Cher Public

Greg Freed

Greg Freed is an opera fan who grew up listening to Met broadcasts in Kentucky and later attended as many performances as possible at Austin Lyric Opera, Houston Grand Opera, Lyric Opera of Chicago, and, for 10 years, the Metropolitan, where he occasionally reviewed under the name Maury D’Annato. He currently lives in Oakland, and was Parterre’s Bay Area critic (under his own name) for two seasons. His primary vocation is social work, and as such, has spent a decade in sentencing advocacy. Greg loves live recordings of the singers of today and those of yesteryear, with special regard for the contralto Ewa Podles.



All my Edgardos

A friend of mine tells a story: it’s 1951 and he’s waiting at the stage door of the Old Met after a matinee of Rosenkavalier. The woman in front of him says to Helen Traubel as she emerges “Oh, Madame Traubel, it was such lovely music!” and Traubel thanks her. The Octavian, let’s say Jarmila Novotna (because it’s fun to say!) comes out, and the same thing happens.

Finally, Erna Berger makes her way to the door and the woman says “why, it was such lovely music!”

Berger dryly responds, “No, lady. It was not.”   Read more »

Out here in the dark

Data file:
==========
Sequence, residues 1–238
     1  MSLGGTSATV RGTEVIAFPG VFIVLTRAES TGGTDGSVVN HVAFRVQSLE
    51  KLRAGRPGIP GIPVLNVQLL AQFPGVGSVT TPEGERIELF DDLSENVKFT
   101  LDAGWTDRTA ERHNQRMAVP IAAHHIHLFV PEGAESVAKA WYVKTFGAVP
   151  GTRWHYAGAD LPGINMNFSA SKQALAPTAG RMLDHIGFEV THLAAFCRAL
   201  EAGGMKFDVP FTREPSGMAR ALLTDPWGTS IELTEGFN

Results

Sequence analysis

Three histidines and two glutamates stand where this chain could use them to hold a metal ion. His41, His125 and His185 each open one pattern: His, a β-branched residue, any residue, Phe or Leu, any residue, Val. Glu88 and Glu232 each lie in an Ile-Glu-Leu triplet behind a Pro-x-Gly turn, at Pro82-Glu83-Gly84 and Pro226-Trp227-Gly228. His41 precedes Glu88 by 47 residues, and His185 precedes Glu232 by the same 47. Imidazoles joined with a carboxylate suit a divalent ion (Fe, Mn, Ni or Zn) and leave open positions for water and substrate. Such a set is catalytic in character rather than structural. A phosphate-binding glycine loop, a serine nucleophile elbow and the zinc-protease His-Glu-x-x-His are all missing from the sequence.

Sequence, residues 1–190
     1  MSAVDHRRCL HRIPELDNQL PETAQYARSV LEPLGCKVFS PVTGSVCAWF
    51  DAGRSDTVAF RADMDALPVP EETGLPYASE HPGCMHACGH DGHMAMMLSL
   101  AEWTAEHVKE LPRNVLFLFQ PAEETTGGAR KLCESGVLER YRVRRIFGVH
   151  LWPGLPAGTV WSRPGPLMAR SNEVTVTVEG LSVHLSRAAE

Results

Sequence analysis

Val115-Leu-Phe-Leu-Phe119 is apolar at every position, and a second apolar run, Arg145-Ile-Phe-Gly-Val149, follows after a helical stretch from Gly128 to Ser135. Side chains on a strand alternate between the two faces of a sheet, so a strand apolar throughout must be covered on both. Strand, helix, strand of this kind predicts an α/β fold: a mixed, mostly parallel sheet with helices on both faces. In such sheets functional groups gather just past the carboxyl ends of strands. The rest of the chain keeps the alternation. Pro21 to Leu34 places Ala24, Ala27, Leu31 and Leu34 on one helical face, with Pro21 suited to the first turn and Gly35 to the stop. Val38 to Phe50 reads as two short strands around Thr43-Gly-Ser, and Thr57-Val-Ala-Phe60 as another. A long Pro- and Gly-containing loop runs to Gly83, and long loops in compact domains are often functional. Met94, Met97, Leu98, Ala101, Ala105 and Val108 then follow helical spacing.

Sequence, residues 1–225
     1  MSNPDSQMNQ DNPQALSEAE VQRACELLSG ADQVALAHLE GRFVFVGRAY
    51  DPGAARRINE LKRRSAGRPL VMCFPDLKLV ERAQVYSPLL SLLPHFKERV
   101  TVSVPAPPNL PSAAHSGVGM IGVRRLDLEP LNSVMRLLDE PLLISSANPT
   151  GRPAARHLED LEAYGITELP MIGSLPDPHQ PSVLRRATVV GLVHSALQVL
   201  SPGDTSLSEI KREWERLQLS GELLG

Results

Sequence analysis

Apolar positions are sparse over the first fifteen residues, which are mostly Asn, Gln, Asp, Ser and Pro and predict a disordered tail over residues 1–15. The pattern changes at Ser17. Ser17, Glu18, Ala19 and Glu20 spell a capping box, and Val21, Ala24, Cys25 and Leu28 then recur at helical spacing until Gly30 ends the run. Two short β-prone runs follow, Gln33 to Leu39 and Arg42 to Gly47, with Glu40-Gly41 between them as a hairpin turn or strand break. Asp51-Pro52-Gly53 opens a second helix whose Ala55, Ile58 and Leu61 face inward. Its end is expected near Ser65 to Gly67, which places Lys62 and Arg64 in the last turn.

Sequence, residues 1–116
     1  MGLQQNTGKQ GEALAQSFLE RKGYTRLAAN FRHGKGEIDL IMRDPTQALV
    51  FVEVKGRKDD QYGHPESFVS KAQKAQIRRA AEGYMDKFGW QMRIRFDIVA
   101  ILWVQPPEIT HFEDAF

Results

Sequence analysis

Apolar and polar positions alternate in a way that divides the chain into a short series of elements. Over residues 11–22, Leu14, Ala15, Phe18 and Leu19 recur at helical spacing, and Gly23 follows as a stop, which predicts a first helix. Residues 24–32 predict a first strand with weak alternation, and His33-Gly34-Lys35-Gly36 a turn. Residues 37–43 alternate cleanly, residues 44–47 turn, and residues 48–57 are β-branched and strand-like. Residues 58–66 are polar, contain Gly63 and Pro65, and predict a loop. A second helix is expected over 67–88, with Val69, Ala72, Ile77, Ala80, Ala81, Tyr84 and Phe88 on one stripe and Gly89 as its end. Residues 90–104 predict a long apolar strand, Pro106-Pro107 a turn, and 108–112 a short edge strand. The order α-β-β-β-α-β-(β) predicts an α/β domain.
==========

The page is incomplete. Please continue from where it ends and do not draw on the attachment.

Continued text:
We have voices now.This is the tenth season of the Met’s HD broadcasts, not that I would know it. In New York there was no real reason to go, and since moving across the country altogether, I had only gone once, I think because attendance is too explicit an admission that I’m no longer a Met regular.   Read more »

Leave it to cleaver

Two nights in a row at the War Memorial—it’s all a mad, gay whirl! If I’d gotten an hour less sleep you’d now find me mixing everything up and writing about Mrs. Lovett making her entrance on a bronze horse like Peter the Great.   Read more »

Stop me if you’ve heard this one

Gala this; gala that; who knew rich people wore clothes so badly?

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Warhorse

Three blocks from the opera house is a terrible time to realize there was homework.

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Married to the mobcap

I have an idea (soon to be angrily debunked in the comments section) that Le nozze di Figaro is rarely a source of unalloyed bliss to the chronic operagoer.

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Fou fighter

It is easy to become overly identified with opera—as a cleverer friend of mine once noted: being a sports fan is an interest, but if you like opera, everyone thinks of it as a crippling obsession.

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When I am down to earth

What does it mean anyway to get to know a diva, and why exactly would we wish to do such a thing?

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